Inspectiv Raises $8.6M To Build a Better Cybersecurity Platform
Art by NicoElNino/ Shutterstock

Inspectiv Raises $8.6M To Build a Better Cybersecurity Platform

What do education startups, maternal care platforms and Minecraft servers have in common? They’re all susceptible to hacking.

Also, businesses in each industry use software created by Manhattan Beach-based Inspectiv, which announced Thursday that it’s raised an $8.6 million Series A round to continue developing its artificial intelligence that detects and wipes out security threats.


The new funds bring the total Inspectiv has raised to $16.6 million since its 2018 launch. Founder and chairman Joseph Melika told dot.LA the company’s recent growth has largely been steered by the pandemic as companies put a higher value on data security.

The heightened need for better security, according to Melika, is due to recent changes in how people work. “Just people, frankly, getting distracted,” he said, has made some businesses more vulnerable to hackers.

“They’re working remotely, their laptops are from home [with] no firewall,” he said, adding that has left a lot of systems potentially exposed to hacks.

Inspectiv’s risk management platform runs autonomously 24/7 and is constantly scanning for threats, Melika said. The software isn’t just run on A.I., it's also combined with a network of security researchers. Melika said part of Inspectiv’s intelligence comes from the input of thousands of researchers.

Once it finds a threat, the software alerts Inspectiv, whose vulnerability spot-checkers verify it and identify it to the client. Then, Inspectiv scans its other clients for the same threat, or similar invasions that could be lurking. There’s also the potential for the software to review backup files, in case a company wants to make sure no older resolved threats spring back to life.

Melika pointed out several current Inspectiv clients using its software are local, including GoGuardian, maternal care company Mahmee and Minehut, a platform for people to host custom “Minecraft” servers.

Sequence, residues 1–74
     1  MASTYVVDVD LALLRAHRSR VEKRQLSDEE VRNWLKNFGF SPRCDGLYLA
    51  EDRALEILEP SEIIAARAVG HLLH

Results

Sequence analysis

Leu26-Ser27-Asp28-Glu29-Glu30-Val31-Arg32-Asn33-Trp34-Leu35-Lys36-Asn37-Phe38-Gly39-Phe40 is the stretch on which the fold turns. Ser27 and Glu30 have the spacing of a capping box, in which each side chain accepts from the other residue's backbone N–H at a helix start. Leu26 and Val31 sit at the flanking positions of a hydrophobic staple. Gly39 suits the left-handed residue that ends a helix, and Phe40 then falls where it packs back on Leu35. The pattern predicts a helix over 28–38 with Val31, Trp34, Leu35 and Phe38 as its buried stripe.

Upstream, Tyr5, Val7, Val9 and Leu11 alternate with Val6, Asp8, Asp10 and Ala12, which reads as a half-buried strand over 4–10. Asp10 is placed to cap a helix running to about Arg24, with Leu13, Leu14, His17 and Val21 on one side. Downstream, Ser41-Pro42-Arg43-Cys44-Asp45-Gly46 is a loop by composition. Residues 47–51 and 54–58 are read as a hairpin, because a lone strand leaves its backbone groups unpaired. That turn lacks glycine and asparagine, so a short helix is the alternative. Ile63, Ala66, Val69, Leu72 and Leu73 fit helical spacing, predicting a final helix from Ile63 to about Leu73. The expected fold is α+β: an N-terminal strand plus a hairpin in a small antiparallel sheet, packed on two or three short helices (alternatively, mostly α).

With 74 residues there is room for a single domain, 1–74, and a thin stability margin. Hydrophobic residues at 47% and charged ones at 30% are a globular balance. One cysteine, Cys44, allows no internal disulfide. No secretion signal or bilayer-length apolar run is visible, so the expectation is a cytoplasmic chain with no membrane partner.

The funding round was led by StepStone Group, among a suite of existing Inspectiv investors including Westwood-based Fika Ventures, San Francisco’s Freestyle Capital and Santa Monica-based Mucker Capital.

Inspectiv CEO Ryan Disraeli and Chairman Joseph MelikaCEO Ryan Disraeli (left) and Founder and Chairman Joseph Melika (right) Courtesy of Inspectiv

Inspectiv also announced a leadership transition this week alongside several new hires – former CEO and co-founder of fraud prevention service Telesign Ryan Disraeli will take the reins as CEO of Inspectiv, while Melika will remain on board as the company’s board chairman.

“Inspectiv is really helping secure the internet, and that was something that personally I could get passionate about,” Disraeli said. “To be able to work with a team of people that we brought in that also has that security background, but also experience scaling up organizations was a pretty exciting opportunity.”

The company also hired Karen Nguyen as chief revenue officer, Ray Espinoza as chief information security officer and Ross Hendrickson to be vice president of engineering. Disraeli said the Inspectiv team is currently 22 people but the company is “adding aggressively to that number” by expanding its product development team.

Disraeli wouldn’t disclose revenues but told dot.LA he’s confident he can grow Inspectiv quickly.

“There's a lot of companies raising money that don't have customers and don't have real growth,” Disraeli said. “This is a company that has real customers that are growing and growing with us.”

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photo by Decerry Donato

Nick, a former inmate, has been living in the Hilda L. Solis Care First Village (HSCFV), a permanent supportive housing complex built by CRATE Modular using 66 retrofitted shipping container units, for a little over a year.

Without this housing complex, Nick would be among the 66,436 people currently experiencing homelessness in Los Angeles County.

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Decerry Donato

Decerry Donato is a reporter at dot.LA. Prior to that, she was an editorial fellow at the company. Decerry received her bachelor's degree in literary journalism from the University of California, Irvine. She continues to write stories to inform the community about issues or events that take place in the L.A. area. On the weekends, she can be found hiking in the Angeles National forest or sifting through racks at your local thrift store.

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